Looks like this now! So, with two panels this will be 5 PCBs for this, definitely not a cheap project!
Some more questions:
I was wondering how to drive the LEDs, there are 8 in the faders, 8 additional ones that I put on top of the faders and then 4 seven segment LED displays. They are all connected to their 74HC595 shift registers and so far each LED has its own resistor. I know, that the 74HC595 can deliver up to ~75mA, so I need to run each LED with only ~8mA instead of the usual 20mA, right? In the Kassutronics quantizer he uses very high values of 2.2k for each LED and connects the cathodes to the shift registers. I don’t really understand why…
I do not want to use multiplexing, because I read that this leads to noise on the power supply / CV circuit. Is there a difference if I use common cathode or common anode wiring (or choosing in case of 7segment)? Something like the shift registers are better at sinking current than supplying?
For CV out I see basically 3 option:
- use MCP4822 like the Super Sixteen sequencer (he does the V/oct tuning in software somehow…)
- use MCP4922 like @analogoutput uses in his dac/ino board, this requires a reference voltage as well but then can instantly be used for 0 to 5V.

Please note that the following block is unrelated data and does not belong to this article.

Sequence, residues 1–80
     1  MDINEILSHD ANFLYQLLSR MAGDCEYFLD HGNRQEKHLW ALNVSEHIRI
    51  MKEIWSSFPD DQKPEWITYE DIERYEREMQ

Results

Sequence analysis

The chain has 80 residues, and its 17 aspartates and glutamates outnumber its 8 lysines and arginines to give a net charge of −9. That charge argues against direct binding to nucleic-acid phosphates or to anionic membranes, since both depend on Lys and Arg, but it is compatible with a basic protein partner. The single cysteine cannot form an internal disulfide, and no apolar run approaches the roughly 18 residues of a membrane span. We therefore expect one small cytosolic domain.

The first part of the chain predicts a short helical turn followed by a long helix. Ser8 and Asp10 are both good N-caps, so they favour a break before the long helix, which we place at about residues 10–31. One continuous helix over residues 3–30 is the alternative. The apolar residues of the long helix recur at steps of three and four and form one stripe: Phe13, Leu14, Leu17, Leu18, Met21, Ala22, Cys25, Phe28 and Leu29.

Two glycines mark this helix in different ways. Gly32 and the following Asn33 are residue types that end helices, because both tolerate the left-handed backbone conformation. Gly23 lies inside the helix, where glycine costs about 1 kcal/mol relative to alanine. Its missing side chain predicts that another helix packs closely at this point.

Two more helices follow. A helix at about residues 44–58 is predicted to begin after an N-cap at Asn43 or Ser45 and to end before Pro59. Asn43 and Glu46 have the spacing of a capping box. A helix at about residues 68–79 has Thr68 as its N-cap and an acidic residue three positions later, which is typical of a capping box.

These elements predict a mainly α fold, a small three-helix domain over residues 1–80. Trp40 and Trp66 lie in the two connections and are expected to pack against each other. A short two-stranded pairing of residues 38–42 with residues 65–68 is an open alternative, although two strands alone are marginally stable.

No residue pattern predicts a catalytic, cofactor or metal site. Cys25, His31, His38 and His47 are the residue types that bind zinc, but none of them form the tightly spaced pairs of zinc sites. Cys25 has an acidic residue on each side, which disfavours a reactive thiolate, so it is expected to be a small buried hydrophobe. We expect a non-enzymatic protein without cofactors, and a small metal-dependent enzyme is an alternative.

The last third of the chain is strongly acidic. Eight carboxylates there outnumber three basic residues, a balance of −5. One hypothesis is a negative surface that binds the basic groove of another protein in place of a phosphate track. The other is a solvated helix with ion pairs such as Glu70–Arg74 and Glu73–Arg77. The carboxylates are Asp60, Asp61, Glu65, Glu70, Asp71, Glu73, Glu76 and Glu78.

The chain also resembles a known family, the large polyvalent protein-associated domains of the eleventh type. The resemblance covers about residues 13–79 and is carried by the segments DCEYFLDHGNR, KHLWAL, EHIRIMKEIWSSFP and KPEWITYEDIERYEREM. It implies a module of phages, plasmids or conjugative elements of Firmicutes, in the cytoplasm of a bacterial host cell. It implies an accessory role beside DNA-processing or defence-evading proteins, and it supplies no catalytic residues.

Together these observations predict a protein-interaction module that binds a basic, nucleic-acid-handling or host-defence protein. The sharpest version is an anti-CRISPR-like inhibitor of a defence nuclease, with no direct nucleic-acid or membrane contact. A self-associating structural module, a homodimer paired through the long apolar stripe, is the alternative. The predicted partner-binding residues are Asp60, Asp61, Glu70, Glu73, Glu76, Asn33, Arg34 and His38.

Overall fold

- Go with PWM like Kassutronics, which has higher linearity, but also needs an extra regulator and a filter to smooth the PWM signal. He writes that the software is easier, because you only need to write to a register, but it uses advanced arduino timing stuff, which I am not so familiar with.
I need to investigate this a little more, I think, but currently the MCP4822 looks like the easiest solution to me…
My “blueprints” for this project are the super sixteen sequencer and the Kassutronics quantizer and they have very different approaches in their arduino programming: Kassutronics looks very advanced with using timer interrupts for a lot of stuff and directly writing to pin registers. In the super sixteen sequencer I recognize a lot more easily and seems more beginner friendly (it pulls the encoder simply from the main arduino loop, for example). But I really like the approach of Kassutronics with the timers for different tasks, like running the UI scanning code at a fixed 1000Hz, to make sure that the UI reacts as you would expect while making sure that the CV outputs are always updated when needed (like at a high frequency). I like that you set your “requirements” and then make sure that the code that is doing it runs fast enough… but maybe someone with more experience can comment on this?